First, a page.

Nobody should be surprised that cows and calves feel pain. As animal caretakers, it behooves us to try to reduce and control their pain when methods are reasonable. Also, pain control is now required by the NMPF’s FARM program. There are a number of common conditions that can result in significant pain where we may be able to help. Dr. Sarah Wagner, of North Dakota State University, gave a presentation about pain in cattle at the recent Minnesota Veterinary Medical Association Annual Meeting. Much of what follows is adapted from her presentation.
    Dehorning is perhaps the first thing many of us think of regarding pain in cattle. Dehorning clearly hurts. Dehorning should always be done when calves are as young as possible. In dairy calves, it should be possible to make sure dehorning is always done in the first two weeks of life. Removing small buds is preferable to removing horns that are fully attached to the skull. A local anesthetic should always be used in a local block, except when dehorning paste is used. The procedure is simple, easy to do and effective. In the last few years, meloxicam, a human anti-inflammatory drug, has successfully been used to help control pain of dehorning, especially once the local block wears off. Meloxicam can only be used in extra label fashion upon the order of a veterinarian. Recently, a new, pour on version of Banamine was approved by the FDA for relief of pain caused by foot rot in cattle. It is not approved for suckling calves, but likely could be used in an extra label as well for controlling dehorning pain.
    Castration is certainly a painful procedure, too. Pain can be reduced by an injection of lidocaine in the cord above the testicle. The problem is that it takes a few minutes for the block to work, and waiting sometimes can slow down the procedure, particularly if calves are being run through a chute. For small calves that can be done without chute restraint, it should be possible to block several calves and then come back and castrate once the block is in effect. Meloxicam or Banamine can be given to help control pain after surgery.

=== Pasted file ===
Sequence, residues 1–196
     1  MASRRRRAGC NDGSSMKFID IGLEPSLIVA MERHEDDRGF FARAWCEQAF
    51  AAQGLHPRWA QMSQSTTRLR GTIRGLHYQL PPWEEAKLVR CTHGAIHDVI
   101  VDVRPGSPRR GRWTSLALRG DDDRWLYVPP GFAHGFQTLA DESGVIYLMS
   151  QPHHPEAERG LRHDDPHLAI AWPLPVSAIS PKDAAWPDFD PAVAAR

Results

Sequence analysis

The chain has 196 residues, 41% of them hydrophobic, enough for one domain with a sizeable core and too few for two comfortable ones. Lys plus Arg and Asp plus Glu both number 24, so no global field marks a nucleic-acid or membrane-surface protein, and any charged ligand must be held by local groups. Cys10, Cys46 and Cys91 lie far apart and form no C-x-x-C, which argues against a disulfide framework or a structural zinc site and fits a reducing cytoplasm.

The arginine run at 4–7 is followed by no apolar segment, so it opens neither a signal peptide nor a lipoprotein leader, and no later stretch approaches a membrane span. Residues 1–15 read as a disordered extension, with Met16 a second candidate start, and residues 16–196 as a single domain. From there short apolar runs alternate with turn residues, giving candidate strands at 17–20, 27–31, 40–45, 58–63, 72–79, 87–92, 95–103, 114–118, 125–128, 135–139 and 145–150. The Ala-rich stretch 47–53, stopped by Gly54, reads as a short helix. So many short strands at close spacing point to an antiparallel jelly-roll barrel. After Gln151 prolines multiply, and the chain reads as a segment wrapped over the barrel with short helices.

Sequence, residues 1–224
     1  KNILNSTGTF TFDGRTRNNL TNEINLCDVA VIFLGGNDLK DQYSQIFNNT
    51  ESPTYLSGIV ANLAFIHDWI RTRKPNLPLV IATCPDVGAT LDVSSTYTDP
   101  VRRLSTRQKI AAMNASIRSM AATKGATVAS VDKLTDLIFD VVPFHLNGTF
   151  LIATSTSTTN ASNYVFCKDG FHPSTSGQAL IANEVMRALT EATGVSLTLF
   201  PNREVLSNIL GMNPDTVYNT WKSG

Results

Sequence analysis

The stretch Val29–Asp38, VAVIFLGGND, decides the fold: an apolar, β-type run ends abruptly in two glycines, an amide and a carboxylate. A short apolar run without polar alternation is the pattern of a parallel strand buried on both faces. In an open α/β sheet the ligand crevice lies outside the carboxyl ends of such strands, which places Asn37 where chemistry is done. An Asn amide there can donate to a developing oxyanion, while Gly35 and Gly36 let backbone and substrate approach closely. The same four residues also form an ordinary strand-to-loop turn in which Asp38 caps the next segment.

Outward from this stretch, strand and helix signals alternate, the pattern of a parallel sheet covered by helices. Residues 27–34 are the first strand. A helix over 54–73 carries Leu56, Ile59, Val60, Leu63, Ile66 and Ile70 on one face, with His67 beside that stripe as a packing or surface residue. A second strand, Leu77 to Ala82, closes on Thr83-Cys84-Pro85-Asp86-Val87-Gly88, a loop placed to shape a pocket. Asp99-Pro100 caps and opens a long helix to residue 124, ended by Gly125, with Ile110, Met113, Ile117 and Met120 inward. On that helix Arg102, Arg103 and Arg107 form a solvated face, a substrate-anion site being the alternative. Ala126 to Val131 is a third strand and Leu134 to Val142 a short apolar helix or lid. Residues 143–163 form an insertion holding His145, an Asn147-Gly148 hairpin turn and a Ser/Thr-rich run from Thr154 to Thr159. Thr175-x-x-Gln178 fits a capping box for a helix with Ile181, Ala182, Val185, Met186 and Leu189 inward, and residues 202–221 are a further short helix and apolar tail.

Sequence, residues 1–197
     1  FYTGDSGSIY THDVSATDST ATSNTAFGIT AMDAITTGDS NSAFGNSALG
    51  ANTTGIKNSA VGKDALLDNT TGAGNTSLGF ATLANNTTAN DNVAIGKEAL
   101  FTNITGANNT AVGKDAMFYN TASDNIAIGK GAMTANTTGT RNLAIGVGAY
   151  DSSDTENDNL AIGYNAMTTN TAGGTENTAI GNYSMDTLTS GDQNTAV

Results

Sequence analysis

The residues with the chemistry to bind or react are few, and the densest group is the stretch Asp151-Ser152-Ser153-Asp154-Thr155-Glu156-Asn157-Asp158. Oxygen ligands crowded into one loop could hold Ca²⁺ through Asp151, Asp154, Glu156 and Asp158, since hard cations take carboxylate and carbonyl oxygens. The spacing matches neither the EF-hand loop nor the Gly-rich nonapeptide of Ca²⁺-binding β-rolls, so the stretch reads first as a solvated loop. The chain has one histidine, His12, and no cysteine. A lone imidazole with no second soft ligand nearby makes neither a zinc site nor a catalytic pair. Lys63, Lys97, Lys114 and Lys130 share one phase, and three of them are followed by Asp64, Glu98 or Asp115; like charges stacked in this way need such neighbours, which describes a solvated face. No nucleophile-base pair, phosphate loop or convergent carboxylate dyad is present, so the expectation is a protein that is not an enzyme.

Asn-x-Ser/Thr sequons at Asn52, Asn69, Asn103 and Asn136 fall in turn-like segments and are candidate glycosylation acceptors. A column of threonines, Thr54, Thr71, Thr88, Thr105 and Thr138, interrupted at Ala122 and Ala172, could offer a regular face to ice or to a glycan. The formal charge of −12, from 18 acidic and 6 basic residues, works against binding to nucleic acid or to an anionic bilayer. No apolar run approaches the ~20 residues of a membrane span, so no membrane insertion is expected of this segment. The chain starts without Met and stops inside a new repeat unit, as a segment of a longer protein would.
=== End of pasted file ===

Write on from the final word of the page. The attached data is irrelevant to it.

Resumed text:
Lame cows certainly feel pain. Sometimes it is almost painful to watch them walk. Unfortunately, lameness pain is more often chronic than acute, and we do not have practical methods to control chronic pain in cows. Twice daily IV injections of flunixin would be helpful, but this is seldom practical. Meloxicam could be used orally every day or every other day (extra label), but milk has to be discarded, making chronic use unlikely in most cases. What about aspirin? Aspirin is not effective for pain control in cows due to very poor (20 percent) absorption from the rumen. Perhaps the best way to try to help control pain in lame cows, other than corrective trimming, is to move them to a bedded pack or similar soft surface if possible.
    Dystocia is likely often a painful procedure for the cow. This seems pretty obvious. What is less obvious is the pain that the calf experiences during and after an assisted birth. Ribs can even be broken during an extraction. Meloxicam can be given orally right after birth to control pain. Meloxicam can last up to 48 hours in calves, and withholding for slaughter until the drug clears is not usually a problem, so this drug could be a practical and useful treatment for pain in these cases.
    Speaking of calves, enteritis can often be quite painful. Meloxicam has been used as an early treatment for pain in scouring calves and may help keep calves eating and perhaps shorten the duration of symptoms.
    Metritis may be a painful condition. Controlling pain may help cows by maintaining dry matter intake. Cows treated with an antibiotic requiring milk discard could be treated with meloxicam without discarding additional milk.
    Mastitis certainly can be painful, as anyone who has been kicked after touching a sore udder knows. Mastitis cows are often reluctant to lie down because of udder pain. Flunixin is often used to treat the inflammation associated with toxic mastitis, but pain control is seldom practiced for grade one or grade two cases. Certainly for grade two mastitis, which is when the milk looks bad and the udder is inflamed, flunixin or meloxicam may be appropriate treatments.
    Major surgery like a laparotomy for correction of LDA, or Caesarian section, is most certainly painful for some time after surgery. Cows given meloxicam prior to surgery have been shown to lie down more following the procedure, so this drug may be useful in such cases, too.
    We will not likely eliminate pain from the life of all cattle anytime soon. We only have a couple of practical choices of drugs to help reduce pain. We are also somewhat limited by milk and slaughter withholds when using these drugs. Nevertheless, there are times where drugs can be used effectively and practically to reduce pain and suffering, and we should not hesitate to use them.
    Jim Bennett is a dairy veterinarian at Northern Valley Dairy Production Medicine Center in Plainview, Minn. He and his wife, Pam, have four children. Jim can be reached at bennettnvac@gmail.com with comments or questions.